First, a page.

Custodial Killing by Police in Andhra Pradesh and Telangana ​

L​ast week, there have been two instances of custodial killings by the police of two different states. Both instances raise serious questions about the weak state of democracy, where fake ‘encounters’ become the norm for the police.

In Chittoor district of Andhra Pradesh, near Tirupati, the Andhra Pradesh police killed 20 tribal people whom they claimed were ‘smugglers’. The killings happened deep in the Seshachalam forest, with 11 being killed at Pacchinodu Banda and 9 near Etagunta.

In Telangana, five Muslim youth were killed by the police on their way to court for a trial, even as they were handcuffed and in police custody.

In the Chittoor case, the police claimed that all killed were ‘red sandalwood smugglers’ who were found chopping red sandalwood trees, and that the police fired in ‘self-defence’ when they were pelted with stones and sickles. Facts that have emerged, establish this to be a falsehood. An eyewitness has stated that 7 of the 20 killed were picked up from a bus by the police a day before the ‘encounter’. All evidence suggests that the 20 men were picked up at random from other spots, and then killed in cold blood, in the custody of the police.

Moreover, if stones and sickles were pelted in a life-threatening attack on police, how come no policemen were injured? If the firing took place in the dead of darkness, how come all the victims have bullet injuries accurately in the chest, head and face? It is also difficult to believe that the identical incident took place twice, in two different spots, on the same night.

The police is trying to silence questions about the massacre by claiming that those killed were ‘smugglers’. The fact is that the police do not touch the well-connected top smugglers, that include the brothers of the current Chief Minister and a previous CM respectively. Money from red sandalwood smuggling flows smoothly in elections in the region, with the open collusion of police and politicians. It is the poor tribal wood cutters from Tamil Nadu who are periodically arrested and killed by police in the name of a ‘crackdown on smuggling’. In the past year, apart from the recent massacre, 20 tribals were killed by police, and more than 2000, arrested and framed in false cases with no evidence, lie in jails in Chittoor and Cudappa.

The TDP-BJP Government is defending the massacre brazenly. The spree of arrests of tribal people continues unabated, and the Government has also slapped draconian cases against human rights activists who went in a fact-finding team to the massacre site.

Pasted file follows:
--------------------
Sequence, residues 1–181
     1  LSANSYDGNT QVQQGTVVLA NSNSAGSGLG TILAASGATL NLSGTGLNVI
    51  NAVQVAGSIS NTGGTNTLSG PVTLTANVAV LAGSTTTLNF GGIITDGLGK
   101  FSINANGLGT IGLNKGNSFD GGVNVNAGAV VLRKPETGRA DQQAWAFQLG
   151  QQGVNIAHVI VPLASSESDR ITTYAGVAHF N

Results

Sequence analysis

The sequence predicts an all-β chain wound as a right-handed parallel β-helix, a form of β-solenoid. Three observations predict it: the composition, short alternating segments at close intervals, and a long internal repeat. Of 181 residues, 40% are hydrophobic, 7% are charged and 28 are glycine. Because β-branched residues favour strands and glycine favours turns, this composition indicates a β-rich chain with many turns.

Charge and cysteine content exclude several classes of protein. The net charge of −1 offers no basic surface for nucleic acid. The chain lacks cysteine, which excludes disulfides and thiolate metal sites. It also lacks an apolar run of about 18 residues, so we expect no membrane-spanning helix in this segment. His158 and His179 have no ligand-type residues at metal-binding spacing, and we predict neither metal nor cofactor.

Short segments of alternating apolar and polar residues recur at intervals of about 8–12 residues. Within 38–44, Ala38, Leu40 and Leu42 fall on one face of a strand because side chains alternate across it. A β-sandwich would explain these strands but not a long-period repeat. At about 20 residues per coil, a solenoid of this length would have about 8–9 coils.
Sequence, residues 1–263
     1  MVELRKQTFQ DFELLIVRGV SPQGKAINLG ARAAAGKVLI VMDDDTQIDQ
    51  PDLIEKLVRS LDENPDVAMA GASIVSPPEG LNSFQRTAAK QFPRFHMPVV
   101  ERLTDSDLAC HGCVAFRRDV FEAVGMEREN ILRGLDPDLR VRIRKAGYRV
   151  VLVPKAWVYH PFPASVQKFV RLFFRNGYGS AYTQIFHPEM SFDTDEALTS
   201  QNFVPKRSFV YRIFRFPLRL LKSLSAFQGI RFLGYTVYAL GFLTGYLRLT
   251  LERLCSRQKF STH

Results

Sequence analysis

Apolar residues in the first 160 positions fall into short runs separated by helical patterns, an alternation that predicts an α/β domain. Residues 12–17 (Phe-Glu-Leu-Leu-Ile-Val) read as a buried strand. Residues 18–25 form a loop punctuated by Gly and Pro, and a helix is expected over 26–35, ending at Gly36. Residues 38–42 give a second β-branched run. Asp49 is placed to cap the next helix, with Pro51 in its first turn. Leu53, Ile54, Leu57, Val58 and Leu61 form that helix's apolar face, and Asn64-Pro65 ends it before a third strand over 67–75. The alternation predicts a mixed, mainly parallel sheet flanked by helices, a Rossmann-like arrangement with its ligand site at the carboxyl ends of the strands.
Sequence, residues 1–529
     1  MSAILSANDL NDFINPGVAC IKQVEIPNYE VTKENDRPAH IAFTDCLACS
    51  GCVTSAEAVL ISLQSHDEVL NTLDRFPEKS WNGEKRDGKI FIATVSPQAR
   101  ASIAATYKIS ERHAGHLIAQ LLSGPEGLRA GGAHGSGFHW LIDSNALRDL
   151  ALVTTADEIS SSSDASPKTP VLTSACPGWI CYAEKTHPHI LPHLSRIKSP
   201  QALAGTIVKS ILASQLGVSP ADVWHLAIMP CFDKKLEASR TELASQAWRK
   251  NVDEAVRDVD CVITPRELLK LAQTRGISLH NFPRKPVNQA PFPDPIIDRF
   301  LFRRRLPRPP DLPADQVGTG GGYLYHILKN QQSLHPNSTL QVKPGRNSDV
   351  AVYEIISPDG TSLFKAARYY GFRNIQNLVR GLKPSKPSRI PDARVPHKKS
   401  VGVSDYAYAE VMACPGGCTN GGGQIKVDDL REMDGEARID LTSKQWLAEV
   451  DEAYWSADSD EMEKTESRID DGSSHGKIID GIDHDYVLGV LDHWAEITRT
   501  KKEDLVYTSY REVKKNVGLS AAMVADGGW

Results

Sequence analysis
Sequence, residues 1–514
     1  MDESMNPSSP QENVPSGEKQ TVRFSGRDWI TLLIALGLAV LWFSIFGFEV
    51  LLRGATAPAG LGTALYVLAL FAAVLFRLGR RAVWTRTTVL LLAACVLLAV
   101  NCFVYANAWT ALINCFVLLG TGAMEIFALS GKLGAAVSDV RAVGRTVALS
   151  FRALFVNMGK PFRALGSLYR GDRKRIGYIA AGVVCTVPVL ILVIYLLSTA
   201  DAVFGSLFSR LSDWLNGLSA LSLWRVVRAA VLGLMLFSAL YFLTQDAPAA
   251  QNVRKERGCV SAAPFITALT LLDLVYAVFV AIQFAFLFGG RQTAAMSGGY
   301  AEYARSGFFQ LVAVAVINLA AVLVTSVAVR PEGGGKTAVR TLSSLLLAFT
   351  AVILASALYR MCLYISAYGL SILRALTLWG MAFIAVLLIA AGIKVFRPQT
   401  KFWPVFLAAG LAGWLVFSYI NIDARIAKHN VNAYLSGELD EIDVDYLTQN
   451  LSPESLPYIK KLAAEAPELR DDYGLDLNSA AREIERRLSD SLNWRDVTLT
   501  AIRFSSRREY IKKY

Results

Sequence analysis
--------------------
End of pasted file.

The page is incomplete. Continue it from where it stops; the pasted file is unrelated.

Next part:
The Nalgonda killing by the Telangana police is another instance in which the police’s ‘self-defence’ story appears entirely incredible. The five youth were being taken to Court, where there was a high chance that they would be acquitted of the acts of terrorism of which they were accused. Photographs and videos show that their hands were handcuffed to the seats of the police vehicle, and guns seems to have been planted in their hands. These photographs tell a tale of open, shameless murder by the police.

The question is, why the delay in booking the concerned policemen in cases of murder? The NHRC guidelines clearly spell out that in every case of alleged ‘encounter’, cases of murder must be filed against the policemen, and it is in the Court that the police must establish that they killed in self-defence. Why is this procedure not being followed? Both Andhra Pradesh and Telangana killer policemen must face arrests and prosecution without further delay.

Further, the Andhra Pradesh Government must declare a moratorium on the further arrests of adivasi wood cutters, and must unconditionally release all those who are already in jail. To curb smuggling, the nexus of police, politicians and smuggling mafia must be probed and exposed. The top men in the smuggling mafia need to be arrested without further delay; and a time-bound probe set up to identify and punish the political patrons of these smugglers.

Police reform is indeed needed – but such reform must first and foremost mean an end to the culture of impunity, and stern accountability and action against police men who violate civil liberties and constitutionally guaranteed rights.

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